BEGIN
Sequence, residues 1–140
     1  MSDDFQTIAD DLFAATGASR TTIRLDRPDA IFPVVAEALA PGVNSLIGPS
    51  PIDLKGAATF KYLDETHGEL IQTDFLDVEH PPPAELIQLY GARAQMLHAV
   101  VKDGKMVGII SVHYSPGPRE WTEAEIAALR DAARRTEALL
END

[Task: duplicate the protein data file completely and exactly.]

Sequence, residues 1–140
     1  MSDDFQTIAD DLFAATGASR TTIRLDRPDA IFPVVAEALA PGVNSLIGPS
    51  PIDLKGAATF KYLDETHGEL IQTDFLDVEH PPPAELIQLY GARAQMLHAV
   101  VKDGKMVGII SVHYSPGPRE WTEAEIAALR DAARRTEALL